Pakistan has started building a barrier along parts of one of the most rugged and dangerous border regions in the world: the 1,510-mile border with Afghanistan, which cuts the heartland of the Pashtun ethnic group in two. Pakistan says Taliban militants have been launching attacks across the border, a colonial-era boundary that Afghanistan has never officially recognized, the AP reports. Pakistan Army chief Gen. Qamar Bajwa visited tribal areas along the border Saturday and said construction of a fence is underway in some high-risk areas. A secure border is "in the "mutual interest of both brotherly countries who have given phenomenal sacrifices in war against terrorism," the general said.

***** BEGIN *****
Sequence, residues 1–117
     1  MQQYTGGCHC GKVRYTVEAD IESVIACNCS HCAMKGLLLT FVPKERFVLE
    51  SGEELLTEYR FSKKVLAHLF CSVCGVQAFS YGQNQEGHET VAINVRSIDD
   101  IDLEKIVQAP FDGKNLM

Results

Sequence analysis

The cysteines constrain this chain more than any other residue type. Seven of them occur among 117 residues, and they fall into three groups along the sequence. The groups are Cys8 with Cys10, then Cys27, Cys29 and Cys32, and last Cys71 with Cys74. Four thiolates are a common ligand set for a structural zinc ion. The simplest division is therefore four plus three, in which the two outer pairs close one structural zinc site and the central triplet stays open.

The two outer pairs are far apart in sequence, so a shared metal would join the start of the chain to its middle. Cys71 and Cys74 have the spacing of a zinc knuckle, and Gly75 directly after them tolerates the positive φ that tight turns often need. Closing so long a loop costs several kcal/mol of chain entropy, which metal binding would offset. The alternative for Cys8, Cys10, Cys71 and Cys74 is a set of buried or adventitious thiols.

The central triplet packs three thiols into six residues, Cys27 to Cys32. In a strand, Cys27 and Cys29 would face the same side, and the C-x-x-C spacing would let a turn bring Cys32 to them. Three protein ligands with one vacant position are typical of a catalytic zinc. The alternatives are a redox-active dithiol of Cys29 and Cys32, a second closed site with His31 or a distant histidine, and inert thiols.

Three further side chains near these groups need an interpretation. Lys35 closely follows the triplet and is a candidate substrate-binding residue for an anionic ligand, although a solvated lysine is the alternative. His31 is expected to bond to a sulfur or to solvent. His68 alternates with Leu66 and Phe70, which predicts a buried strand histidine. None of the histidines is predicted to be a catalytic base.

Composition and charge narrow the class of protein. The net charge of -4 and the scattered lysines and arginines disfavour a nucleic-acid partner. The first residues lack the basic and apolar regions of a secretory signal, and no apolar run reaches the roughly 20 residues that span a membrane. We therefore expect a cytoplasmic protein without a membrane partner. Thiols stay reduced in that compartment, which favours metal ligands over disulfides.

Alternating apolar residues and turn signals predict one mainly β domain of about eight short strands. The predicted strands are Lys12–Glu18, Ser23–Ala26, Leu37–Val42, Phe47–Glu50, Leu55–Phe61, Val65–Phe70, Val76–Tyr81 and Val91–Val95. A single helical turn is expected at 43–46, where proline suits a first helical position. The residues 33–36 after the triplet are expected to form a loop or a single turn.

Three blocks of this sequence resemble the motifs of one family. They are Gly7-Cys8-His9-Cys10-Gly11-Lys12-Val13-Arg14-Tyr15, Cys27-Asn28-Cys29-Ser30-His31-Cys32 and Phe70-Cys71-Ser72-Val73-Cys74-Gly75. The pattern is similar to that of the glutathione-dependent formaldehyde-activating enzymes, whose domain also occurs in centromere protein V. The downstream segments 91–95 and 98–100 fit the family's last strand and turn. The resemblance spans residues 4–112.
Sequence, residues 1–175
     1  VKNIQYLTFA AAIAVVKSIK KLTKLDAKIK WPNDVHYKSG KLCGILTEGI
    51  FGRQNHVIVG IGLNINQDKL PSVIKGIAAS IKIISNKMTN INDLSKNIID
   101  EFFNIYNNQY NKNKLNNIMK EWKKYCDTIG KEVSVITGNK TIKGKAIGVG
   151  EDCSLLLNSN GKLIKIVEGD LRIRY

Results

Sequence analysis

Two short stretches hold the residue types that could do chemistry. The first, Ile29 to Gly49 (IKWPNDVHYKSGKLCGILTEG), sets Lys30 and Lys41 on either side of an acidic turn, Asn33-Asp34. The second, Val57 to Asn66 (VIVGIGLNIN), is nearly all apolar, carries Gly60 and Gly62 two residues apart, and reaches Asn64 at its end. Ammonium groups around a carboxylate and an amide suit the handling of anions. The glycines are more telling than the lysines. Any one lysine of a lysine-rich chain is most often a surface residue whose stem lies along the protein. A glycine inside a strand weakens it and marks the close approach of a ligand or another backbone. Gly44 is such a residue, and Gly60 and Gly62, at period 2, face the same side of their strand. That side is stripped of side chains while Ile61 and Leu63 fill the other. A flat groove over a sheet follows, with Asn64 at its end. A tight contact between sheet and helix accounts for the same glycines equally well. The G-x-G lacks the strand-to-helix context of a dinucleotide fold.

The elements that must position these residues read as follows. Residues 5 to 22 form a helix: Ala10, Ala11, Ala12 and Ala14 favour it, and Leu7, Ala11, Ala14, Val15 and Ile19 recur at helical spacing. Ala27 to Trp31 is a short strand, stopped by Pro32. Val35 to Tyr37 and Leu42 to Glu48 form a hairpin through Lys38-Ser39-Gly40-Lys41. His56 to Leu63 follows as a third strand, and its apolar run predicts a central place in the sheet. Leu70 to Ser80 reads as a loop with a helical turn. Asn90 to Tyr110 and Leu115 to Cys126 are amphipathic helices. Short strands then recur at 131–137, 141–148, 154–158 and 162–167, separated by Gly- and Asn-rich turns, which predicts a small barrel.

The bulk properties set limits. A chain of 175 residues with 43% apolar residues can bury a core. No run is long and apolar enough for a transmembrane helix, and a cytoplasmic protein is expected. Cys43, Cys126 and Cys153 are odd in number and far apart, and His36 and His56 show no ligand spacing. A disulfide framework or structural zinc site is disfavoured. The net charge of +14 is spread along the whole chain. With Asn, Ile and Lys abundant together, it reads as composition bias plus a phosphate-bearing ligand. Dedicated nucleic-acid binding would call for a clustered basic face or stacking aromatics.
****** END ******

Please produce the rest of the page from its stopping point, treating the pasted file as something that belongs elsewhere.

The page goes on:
Afghanistan, in turn, accuses Pakistan of sheltering militants from the Pashtun-dominated Taliban, but says building a fence is not the answer, the Wall Street Journal reports. "Pakistan needs to deny sanctuaries to terrorist groups, stop financing, training and helping them … that's something that would help stop terrorist attacks," said Afghan defense ministry spokesman Gen. Dawlat Waziri. Pakistan, which is building the fence in a tribal area where the country's laws don't fully apply, has already dug a trench hundreds of miles long along another section of the border with Afghanistan. The Financial Times notes that the number of border walls worldwide has surged to more than 70 in the years since 9/11. (Read more Afghan border stories.)